I usually enjoy the short books from the Cahiers Series (a joint venture between Sylph Editions and the Center for Writers & Translators at the American University of Paris), so I’ve been meaning to find some time for a good while now to try the latest couple I was sent. However, I regret to inform you that I was only really taken with one of today’s choices, with the other probably my least favourite so far. So which was which, the success and the (relative) disappointment? Come this way, and all will be revealed…
Olga Medvedkova’s Going Where (translated by Richard Pevear) is, unusually for this series, a straight collection of five short stories. After Pevear briefly introduces the writer, it’s on to the fiction, five tales focusing on visits to major cities. The writer takes us to Palermo, Athens, Venice, Lisbon and Jerusalem, each story a short trip wrapped up within five or six pages, and we get to experience these cities vicariously while learning of how the narrators were affected by their time there.
It sounds like a nice idea in theory, but Going Where never really worked for me. None of the stories particularly stood out, with the Venice piece perhaps the pick of the bunch, a monologue told by a tour guide with a loathing for the tourists he takes through the streets of his beloved city. Several pieces focus on the main character’s past, pulling the reader back in time via notebooks, memories or photographs, but most seem to suggest that while travel may broaden the mind, there’s no place like home.
It’s not all bad, and there are certainly some enjoyable passages. The Palermo story is marked by the humour centring on a man who would really rather not be there, an anxiety-ridden pensioner trailing in the wake of his enigmatic wife. Moving on to Lisbon, a woman decides to take an acquaintance up on the offer of a place to stay, only to find him in a bad way when she arrives. Overall, though, it all feels a little forced and overdone, and I can’t imagine myself revisiting any of the pieces in a hurry.
Perhaps the main reason for my negative take on the work, though, is the excellence of the cahier that precedes it in the series. Where Going Where is a little light and superficial, James E. Montgomery’s Loss Sings is a far more impressive work, a confessional piece blending diary entries, memories of personal loss and his translations of seventh-century Arabic poetry. Now *that’s* more like the cahiers I’ve come to admire.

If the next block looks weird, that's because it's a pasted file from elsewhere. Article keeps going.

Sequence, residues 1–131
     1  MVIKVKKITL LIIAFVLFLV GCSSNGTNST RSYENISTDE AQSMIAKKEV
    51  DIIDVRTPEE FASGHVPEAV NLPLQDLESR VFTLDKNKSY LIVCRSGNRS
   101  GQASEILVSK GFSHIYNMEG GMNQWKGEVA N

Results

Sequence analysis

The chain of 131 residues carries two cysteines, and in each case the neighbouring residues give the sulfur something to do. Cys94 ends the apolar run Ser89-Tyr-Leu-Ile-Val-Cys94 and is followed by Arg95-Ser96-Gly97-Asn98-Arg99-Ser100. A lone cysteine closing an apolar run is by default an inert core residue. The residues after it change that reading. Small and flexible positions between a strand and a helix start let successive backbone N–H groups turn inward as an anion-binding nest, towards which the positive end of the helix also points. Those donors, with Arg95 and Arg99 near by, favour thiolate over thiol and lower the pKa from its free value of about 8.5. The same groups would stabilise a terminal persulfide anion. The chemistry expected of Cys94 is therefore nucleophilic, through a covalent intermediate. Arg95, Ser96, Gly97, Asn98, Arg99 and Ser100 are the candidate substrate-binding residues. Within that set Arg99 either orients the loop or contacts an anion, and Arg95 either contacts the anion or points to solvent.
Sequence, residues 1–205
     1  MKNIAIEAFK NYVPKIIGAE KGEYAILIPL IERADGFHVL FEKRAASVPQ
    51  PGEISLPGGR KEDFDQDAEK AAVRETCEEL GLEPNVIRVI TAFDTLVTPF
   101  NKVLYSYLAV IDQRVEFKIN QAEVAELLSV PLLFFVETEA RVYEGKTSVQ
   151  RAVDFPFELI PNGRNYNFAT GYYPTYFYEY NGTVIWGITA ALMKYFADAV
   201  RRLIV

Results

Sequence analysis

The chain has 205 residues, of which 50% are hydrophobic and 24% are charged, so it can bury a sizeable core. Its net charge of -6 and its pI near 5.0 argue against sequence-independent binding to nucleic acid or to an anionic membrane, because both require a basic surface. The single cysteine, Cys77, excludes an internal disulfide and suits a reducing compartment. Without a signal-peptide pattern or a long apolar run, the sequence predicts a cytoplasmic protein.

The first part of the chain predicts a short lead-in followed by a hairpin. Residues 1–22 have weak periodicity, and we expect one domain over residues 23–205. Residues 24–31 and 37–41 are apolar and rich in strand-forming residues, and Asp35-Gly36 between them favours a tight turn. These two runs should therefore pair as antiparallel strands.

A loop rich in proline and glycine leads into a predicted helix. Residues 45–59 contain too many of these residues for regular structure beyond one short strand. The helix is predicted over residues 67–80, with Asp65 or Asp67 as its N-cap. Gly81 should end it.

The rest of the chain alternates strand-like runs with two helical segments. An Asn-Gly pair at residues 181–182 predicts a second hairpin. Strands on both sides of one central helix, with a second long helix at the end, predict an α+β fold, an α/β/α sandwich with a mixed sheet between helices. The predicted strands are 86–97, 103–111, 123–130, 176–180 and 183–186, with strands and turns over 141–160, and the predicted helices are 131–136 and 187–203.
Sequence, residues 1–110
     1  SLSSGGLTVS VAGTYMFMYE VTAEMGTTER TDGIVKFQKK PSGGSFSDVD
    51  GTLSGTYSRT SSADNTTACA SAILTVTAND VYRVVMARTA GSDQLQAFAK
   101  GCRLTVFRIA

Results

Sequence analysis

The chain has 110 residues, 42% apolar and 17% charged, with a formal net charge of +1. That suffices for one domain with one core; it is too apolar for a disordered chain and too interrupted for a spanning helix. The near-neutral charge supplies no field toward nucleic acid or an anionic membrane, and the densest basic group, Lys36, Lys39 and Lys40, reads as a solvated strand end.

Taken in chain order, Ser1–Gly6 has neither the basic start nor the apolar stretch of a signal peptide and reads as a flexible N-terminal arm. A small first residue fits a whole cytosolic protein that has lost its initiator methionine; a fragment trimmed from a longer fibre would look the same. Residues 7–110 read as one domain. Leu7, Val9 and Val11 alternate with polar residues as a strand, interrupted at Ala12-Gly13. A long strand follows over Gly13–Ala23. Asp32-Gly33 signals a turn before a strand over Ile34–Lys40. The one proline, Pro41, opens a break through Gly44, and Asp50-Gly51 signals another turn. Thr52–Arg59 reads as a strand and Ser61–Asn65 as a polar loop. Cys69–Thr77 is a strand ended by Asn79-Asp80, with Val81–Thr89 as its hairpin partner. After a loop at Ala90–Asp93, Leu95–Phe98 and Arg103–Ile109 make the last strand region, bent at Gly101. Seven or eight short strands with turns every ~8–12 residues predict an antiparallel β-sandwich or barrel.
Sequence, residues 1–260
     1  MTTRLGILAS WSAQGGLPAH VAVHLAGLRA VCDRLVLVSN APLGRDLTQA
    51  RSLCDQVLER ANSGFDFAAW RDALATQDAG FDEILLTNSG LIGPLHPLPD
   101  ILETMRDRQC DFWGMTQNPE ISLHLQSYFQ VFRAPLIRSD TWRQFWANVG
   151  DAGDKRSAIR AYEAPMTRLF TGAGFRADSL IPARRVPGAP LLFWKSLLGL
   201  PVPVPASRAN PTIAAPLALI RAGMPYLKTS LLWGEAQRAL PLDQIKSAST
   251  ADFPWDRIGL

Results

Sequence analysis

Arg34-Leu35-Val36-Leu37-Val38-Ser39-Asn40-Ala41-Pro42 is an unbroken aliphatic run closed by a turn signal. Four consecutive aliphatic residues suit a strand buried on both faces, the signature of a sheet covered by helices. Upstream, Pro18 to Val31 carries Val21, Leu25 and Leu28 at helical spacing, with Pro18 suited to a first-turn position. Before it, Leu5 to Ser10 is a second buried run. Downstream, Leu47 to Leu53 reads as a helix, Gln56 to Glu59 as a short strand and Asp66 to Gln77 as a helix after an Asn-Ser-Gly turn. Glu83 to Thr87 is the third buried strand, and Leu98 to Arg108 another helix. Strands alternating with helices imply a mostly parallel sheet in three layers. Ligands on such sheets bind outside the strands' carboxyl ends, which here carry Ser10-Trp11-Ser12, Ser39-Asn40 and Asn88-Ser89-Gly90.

The starting point for the books comes when the writer discusses his teaching and translation of the threnodies of the 7th-century poet al-Khansā’. Surprisingly, he admits that he never really got the poems, finding them rather repetitive, with far too much weeping, wailing and gnashing of teeth. Until, that is, the day the poems found him.
The core of Loss Sings is a series of journal entries, reflections and attempts to make sense of the world after the writer’s son was knocked down by a car. While the young man survived, he’ll be permanently affected by the collision, and a bout of wrestling with paperwork brings Montgomery to a sobering realisation:
One of the reports is a prognosis by an orthopaedic surgeon that medically, forensically, and meticulously charts my son’s ever-increasing pain, decade by decade, as he gradually shrinks into immobility. The report forces me to admit that I will not be able to care for him during the decades when he will need me most. It is the most terrifying piece of prose I have ever read.
p6 (Sylph Editions, 2018)
This proves to be a catalyst for a revaluation of the writer’s life – and of the poems…
The cahier is a beautiful short work, elegant, emotional, yet also clinical in its examination of grief. As it turns out, the son’s ordeal proved to be a springboard to thoughts of other misfortunes. The writer looks back at his father’s death, and how it was handled, focusing on the reticence and decorum everyone showed afterwards, as well as the assistance of clichés in a time of sorrow. This naturally leads to reflections on his own mortality – this is a rather unfortunate time, then, to require a biopsy.
Montgomery links his own experiences to the work of the legendary poet, a woman who keened and wailed over the deaths of chieftains and warriors, producing timeless laments about the cruel passing of, well, time:
Two branches, one tree, in a lush oasis
Deep roots, scented twigs, plump fruit
Then Time came,
and harvested its malice.
Time never fails.
‘Two branches, one tree’, p.15
He comes to understand that these clichés, when expressed correctly, do help in the grieving process. They act as a form of catharsis in giving shape to the pain felt inside – which sounds an awful lot like what he’s doing in his own musings…
Loss Sings is a short but (bitter-) sweet work, cramming many ideas into its brief space. There’s even time for reflections on the act of translation, too, but I’ll leave those for the reader to discover for themself. The overriding message here is of the need to let your grief out into the open if you want to carry on:
Voicing grief, allowing loss to sing, re-enables the desire to live. When loss sings through creativity, through, say, stories, myths, and poems, it does so to re-enable, through communication, the will to live. (p.12)
This, then, is Montgomery’s own attempt to sing of his grief – and very good it is, too.